2. A collection or gathering of money.
COLLECTANEOUS, a. Gathered; collected.
1. Gathered; assembled; congregated; drawn together.
2. Recovered from surprise or dismay; not disconcerted; cool; firm; prepared.
COLLECTEDLY, adv. In one view; together; in one body.
COLLECTEDNESS, n. A collected state of the mind; recovery from surprise.
1. That may be collected or gathered; that may be inferred.
2. That may be gathered or recovered; as, the debts or taxes are or are not collectible.
COLLECTING, ppr. Gathering; drawing together; assembling.
1. The act of gathering, or assembling.
2. The body formed by gathering; an assemblage, or assembly; a crowd; as a collection of men.
3. A contribution; a sum collected for a charitable purpose.
Now concerning the collection for the saints. 1 Corinthians 16:1.
4. A gathering, as of matter in an abscess.
5. The act of deducing consequences; reasoning; inference.
6. A corollary; a consectary; a deduction from premises; consequence.
7. A book compiled from other books, by the putting together of parts; a compilation; as a collection of essays or sermons.
1. Formed by gathering; gathered into a mass, sum, or body; congregated, or aggregated.
2. Deducing consequences; reasoning; inferring.
3. In grammar, expressing an number or multitude united; as a collective noun or name, which, though in the singular number itself, denotes more than one; as, company, army, troop, assembly.
COLLECTIVELY, adv. In a mass, or body; in a collected state; in the aggregate; unitedly; in a state of combination; as the citizens of a state collectively considered.
COLLECTIVENESS, n. A state of union; mass.
1. One who collects or gathers things which are scattered or separate.
2. A compiler; one who gathers and puts together parts of books, or scattered pieces, in one book.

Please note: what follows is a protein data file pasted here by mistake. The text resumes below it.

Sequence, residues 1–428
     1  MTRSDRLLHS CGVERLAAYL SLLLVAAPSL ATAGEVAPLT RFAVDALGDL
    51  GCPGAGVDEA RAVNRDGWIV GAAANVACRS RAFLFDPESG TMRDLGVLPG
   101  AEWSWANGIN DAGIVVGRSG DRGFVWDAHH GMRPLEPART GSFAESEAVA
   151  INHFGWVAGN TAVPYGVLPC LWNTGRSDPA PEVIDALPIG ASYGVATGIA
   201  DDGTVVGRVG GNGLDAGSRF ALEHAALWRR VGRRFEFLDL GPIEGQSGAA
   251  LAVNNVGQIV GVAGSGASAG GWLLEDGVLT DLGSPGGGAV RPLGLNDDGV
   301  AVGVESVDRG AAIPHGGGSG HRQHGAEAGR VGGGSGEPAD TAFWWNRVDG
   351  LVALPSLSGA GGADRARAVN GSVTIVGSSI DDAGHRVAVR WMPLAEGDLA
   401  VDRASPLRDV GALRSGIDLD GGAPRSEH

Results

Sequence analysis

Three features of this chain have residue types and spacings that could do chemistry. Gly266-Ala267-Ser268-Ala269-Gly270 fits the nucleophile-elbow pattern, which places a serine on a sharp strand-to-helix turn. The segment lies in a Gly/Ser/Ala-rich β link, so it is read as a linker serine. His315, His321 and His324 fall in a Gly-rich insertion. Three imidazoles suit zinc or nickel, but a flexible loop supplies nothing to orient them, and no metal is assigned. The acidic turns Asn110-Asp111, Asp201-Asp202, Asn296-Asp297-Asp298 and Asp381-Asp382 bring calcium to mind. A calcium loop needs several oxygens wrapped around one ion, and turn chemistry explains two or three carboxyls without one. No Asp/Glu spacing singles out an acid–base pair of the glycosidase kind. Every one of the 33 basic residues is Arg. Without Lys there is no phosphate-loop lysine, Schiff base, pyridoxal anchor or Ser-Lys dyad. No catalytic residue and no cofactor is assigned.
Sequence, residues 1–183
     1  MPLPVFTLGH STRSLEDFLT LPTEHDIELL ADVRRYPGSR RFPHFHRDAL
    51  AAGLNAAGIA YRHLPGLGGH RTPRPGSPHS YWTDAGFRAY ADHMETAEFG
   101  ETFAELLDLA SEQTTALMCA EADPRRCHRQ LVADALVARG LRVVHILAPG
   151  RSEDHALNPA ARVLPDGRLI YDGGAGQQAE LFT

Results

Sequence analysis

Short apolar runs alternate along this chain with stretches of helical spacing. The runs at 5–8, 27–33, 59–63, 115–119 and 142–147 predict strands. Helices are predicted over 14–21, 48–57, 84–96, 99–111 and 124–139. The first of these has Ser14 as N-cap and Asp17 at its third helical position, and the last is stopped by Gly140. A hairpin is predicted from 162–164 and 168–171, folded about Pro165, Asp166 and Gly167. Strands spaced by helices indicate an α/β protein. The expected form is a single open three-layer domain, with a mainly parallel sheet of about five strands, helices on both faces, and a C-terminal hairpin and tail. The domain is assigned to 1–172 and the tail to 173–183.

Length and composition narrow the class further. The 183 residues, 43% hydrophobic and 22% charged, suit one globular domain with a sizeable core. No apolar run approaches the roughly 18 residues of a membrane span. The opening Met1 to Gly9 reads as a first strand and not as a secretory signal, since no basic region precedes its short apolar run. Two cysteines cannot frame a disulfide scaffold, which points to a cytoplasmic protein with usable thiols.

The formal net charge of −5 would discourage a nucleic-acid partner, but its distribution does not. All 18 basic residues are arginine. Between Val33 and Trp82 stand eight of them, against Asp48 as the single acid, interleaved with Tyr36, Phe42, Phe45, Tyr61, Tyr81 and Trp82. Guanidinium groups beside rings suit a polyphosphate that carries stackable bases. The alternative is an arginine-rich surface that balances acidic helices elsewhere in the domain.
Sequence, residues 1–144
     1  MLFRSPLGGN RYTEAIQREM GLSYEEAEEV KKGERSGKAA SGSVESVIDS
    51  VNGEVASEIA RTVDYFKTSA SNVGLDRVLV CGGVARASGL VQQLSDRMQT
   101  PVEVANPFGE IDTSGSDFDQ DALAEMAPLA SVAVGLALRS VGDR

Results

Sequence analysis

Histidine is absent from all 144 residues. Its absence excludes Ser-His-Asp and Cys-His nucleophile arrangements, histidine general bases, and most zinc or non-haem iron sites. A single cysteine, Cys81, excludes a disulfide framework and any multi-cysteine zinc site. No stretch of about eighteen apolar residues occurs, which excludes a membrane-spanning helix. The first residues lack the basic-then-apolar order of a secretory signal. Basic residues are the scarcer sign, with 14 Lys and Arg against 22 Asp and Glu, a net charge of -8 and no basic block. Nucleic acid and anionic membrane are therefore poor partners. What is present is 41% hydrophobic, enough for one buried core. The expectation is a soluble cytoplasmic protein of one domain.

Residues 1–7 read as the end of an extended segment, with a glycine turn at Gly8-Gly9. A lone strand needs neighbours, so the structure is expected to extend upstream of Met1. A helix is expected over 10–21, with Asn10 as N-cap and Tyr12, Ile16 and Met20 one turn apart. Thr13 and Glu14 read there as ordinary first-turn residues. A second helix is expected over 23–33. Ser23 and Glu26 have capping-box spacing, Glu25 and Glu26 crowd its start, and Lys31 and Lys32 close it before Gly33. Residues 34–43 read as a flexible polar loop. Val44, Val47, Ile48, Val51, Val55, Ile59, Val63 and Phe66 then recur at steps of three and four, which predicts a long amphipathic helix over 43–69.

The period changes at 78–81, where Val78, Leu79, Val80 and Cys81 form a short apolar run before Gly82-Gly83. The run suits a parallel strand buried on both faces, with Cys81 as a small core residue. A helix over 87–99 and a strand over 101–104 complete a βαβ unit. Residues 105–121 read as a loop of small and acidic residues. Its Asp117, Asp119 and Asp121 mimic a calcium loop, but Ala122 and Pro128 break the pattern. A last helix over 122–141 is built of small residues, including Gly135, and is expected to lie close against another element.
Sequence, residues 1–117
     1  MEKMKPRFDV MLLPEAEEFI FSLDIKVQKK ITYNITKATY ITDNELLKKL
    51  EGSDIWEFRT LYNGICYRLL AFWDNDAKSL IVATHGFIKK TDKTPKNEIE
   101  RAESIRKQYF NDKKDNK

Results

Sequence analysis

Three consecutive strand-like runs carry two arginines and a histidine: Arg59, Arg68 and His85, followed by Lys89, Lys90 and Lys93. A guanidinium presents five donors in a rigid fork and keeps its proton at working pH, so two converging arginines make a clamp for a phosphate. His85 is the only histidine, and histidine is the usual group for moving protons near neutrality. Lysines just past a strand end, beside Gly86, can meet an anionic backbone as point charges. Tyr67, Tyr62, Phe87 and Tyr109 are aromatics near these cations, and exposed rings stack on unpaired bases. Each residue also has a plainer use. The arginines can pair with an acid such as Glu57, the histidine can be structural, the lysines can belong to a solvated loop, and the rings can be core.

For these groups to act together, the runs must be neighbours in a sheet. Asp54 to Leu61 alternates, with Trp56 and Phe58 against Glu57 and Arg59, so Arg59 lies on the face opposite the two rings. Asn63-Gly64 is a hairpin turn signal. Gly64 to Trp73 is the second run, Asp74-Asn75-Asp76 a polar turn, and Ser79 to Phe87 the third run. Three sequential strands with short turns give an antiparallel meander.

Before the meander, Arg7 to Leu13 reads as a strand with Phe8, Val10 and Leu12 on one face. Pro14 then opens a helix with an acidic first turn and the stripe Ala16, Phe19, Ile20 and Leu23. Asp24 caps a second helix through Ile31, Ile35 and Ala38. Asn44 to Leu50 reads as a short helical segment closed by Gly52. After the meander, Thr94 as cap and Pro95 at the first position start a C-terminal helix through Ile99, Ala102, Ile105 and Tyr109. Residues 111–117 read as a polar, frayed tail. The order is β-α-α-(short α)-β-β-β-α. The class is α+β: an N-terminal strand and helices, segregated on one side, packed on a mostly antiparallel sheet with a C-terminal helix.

3. In botany, one who gathers plants, without studying botany as a science.
4. An officer appointed and commissioned to collect and receive customs, duties, taxes or toll.
5. A bachelor of arts in Oxford, who is appointed to superintend some scholastic proceedings in Lent.
1. The office of a collector of customs or taxes.
2. The jurisdiction of a collector.
COLLEGATARY, n. In the civil law, a person who has a legacy left to him in common with one or more other persons.
COLLEGE, n. In its primary sense, a collection, or assembly. Hence,
1. In a general sense, a collection, assemblage or society of men, invested with certain powers and rights, performing certain duties, or engaged in some common employment, or pursuit.
2. In a particular sense, an assembly for a political or ecclesiastical purpose as the college of Electors or their deputies at the diet in Ratisbon. So also, the college of princes, or their deputies; the college of cities, or deputies of the Imperial cities; the college of Cardinals, or sacred college. In Russia, the denomination, college, is given to councils of state, courts or assemblies of men intrusted with the administration of the government, and called Imperial college; the college of foreign affairs; the college of war; the admiralty college; the college of justice; the college of commerce; the medical college.